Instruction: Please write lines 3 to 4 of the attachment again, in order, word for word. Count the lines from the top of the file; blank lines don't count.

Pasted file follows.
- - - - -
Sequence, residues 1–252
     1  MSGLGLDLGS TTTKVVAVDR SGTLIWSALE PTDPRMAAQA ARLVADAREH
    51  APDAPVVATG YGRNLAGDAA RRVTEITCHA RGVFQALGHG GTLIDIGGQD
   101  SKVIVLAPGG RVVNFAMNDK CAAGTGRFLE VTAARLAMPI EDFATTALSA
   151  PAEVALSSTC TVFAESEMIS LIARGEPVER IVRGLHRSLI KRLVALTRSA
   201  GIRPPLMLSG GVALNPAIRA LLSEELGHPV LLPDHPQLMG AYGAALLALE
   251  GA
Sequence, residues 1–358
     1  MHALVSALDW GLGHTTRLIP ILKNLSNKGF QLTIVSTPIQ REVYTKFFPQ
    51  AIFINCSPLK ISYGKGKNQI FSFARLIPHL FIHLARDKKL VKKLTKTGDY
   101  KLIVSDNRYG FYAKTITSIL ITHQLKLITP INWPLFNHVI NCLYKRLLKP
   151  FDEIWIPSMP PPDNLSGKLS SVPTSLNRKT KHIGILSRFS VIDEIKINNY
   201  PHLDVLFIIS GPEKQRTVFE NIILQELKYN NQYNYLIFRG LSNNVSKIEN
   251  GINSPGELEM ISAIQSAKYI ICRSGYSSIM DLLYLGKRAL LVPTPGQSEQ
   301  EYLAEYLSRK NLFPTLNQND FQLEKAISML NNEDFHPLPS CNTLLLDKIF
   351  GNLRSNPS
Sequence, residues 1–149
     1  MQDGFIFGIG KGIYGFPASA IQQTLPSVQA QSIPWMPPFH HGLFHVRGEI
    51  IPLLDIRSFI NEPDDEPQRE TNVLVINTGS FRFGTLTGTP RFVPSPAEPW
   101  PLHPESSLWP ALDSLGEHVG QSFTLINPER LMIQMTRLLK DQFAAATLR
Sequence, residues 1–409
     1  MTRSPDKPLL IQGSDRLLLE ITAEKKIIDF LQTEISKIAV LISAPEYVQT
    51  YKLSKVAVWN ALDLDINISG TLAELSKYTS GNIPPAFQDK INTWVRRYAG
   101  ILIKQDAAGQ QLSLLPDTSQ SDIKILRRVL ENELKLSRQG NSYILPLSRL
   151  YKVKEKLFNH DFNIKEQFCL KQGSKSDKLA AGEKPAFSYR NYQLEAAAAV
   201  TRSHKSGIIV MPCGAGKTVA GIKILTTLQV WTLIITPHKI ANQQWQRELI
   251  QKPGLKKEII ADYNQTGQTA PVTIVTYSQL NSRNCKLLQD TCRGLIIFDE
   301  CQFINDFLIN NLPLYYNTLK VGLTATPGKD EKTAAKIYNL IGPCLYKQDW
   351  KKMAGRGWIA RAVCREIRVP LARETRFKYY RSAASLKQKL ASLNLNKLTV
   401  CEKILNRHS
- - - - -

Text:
    51  APDAPVVATG YGRNLAGDAA RRVTEITCHA RGVFQALGHG GTLIDIGGQD
   101  SKVIVLAPGG RVVNFAMNDK CAAGTGRFLE VTAARLAMPI EDFATTALSA